Ned Ryun, former White House staffer and son of fmr. Rep. Jim Ryun, thinks Iraq is just like Germany:
The Dems think they?re going to really nail McCain on his 100 years of war in Iraq comment. Can I just say Germany, Korea . . . still there, folks. I would question why we?re still in Germany, but that?s besides the point. The point is that, for better or worse, when we come into a region to provide stability, many times that translates into dozens of years. So McCain was being realistic about Iraq. When you look at Germany and South Korea, they are still free nations and democracies. I have a feeling that we will do the same in Iraq: be there for dozens of years to help make it a stable, thriving democracy.
These same comparisons were used to sell the war also. It was going to be just like the occupation and reconstruction of Korea and Germany, except without the messy war beforehand. Five years later, we can judge that hypothesis to have been falsified. This doesn’t surprise most early opponents of the war, and apparently doesn’t register with its current supporters.
We’ll skip past the part where I wonder why Ned, a strapping young man who was 31 when the war in Iraq started, has passed up the chance to be part of the awesome experience of living in Iraq and helping it be just like Germany or South Korea. That’s between Ned and his own conscience. (And no, the fact that he’s got a wife and kids is no excuse. Plenty of the soldiers in Iraq are in the same boat, and there are plenty of grieving widows, widowers and orphans who wouldn’t know why that excuse should have worked for Ned and not their loved ones.)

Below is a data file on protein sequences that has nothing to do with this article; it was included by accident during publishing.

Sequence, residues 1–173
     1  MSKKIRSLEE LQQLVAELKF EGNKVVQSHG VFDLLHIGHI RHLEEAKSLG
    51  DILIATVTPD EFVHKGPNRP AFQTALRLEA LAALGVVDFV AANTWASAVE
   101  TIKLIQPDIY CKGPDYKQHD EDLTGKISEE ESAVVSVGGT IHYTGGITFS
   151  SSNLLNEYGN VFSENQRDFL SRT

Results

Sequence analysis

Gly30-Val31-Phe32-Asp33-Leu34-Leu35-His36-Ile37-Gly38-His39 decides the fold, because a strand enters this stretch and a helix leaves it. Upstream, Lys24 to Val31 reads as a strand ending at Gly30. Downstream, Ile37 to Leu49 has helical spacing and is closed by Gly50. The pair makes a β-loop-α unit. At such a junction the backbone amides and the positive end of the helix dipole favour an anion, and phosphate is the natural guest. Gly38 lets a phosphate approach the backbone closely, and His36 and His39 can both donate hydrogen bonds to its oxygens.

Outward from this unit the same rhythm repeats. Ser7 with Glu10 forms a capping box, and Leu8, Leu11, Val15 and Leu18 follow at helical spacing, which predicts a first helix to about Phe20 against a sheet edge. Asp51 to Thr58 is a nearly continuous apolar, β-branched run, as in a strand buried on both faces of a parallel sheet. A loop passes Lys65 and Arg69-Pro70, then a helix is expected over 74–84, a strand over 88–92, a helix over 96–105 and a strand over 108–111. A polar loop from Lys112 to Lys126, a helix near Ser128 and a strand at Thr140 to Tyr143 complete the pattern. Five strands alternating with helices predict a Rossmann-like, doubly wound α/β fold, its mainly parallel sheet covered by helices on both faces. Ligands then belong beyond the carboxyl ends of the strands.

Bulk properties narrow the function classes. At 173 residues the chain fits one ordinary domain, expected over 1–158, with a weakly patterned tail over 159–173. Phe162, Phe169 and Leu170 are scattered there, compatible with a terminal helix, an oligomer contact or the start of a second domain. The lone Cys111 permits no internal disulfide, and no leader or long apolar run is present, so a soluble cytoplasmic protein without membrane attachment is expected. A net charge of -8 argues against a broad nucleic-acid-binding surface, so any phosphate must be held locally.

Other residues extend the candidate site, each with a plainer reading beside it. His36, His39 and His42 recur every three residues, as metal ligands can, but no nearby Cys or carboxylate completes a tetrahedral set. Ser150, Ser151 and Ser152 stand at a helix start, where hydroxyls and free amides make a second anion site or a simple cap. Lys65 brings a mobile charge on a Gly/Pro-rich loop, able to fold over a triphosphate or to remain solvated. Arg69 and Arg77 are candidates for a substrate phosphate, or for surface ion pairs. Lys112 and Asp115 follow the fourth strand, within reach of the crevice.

Even if we skip past answers involving hypocrisy or cowardice, there are some pretty obvious and sensible reasons. Ned may have known, as did the war’s opponents, that the occupation of Iraq would not be an adventure in rose petals and cheap oil. Iraq is an ethnically divided nation with no political tradition of political liberalism to fall back on. Saddam Hussein systematically disassembled whatever national unity ever existed in Iraq, and it’s a state which colonial powers carved up in a way that maximized internal tension, so there wasn’t much to destroy. South Korea already had an established liberal democracy before North Korea invaded, and Germany had a tradition of constitutional democracy as well. Restoring or preserving a pre-existing system in a nation which recognizes its unity is far different from creating a nation and a government from scratch. As proofe, we need only look at our abject failure to create a successful government in Iraq, or to stop the civil war underway.
At this point, our military has been engaged in active military operations for longer than the declared war on Germany, and longer than active fighting in Korea. There’s no sign that the civil war in Iraq is winding down, or that American combat operations can be scaled back or stopped. Some might think that difference bears some significance.
When McCain talks about 100 years of war in Iraq, no one thinks he’s talking about 100 years of permanent bases and joint exercises with NATO allies, or even 100 years of patrolling a DMZ that functions as a lovely nature preserve. He’s talking about another 100 years of mortars blowing up mess tents, IEDs on roadsides, and American troops standing between warring religious sects, being killed by bullets meant to settle a conflict stretching back to the days shortly after Muhammad’s death. It may be hard for a political apparatchik in the GOP to see how that differs from Germany, but I assure you that voters see the difference, with only 6% supporting a US presence in Iraq for longer than 5 years.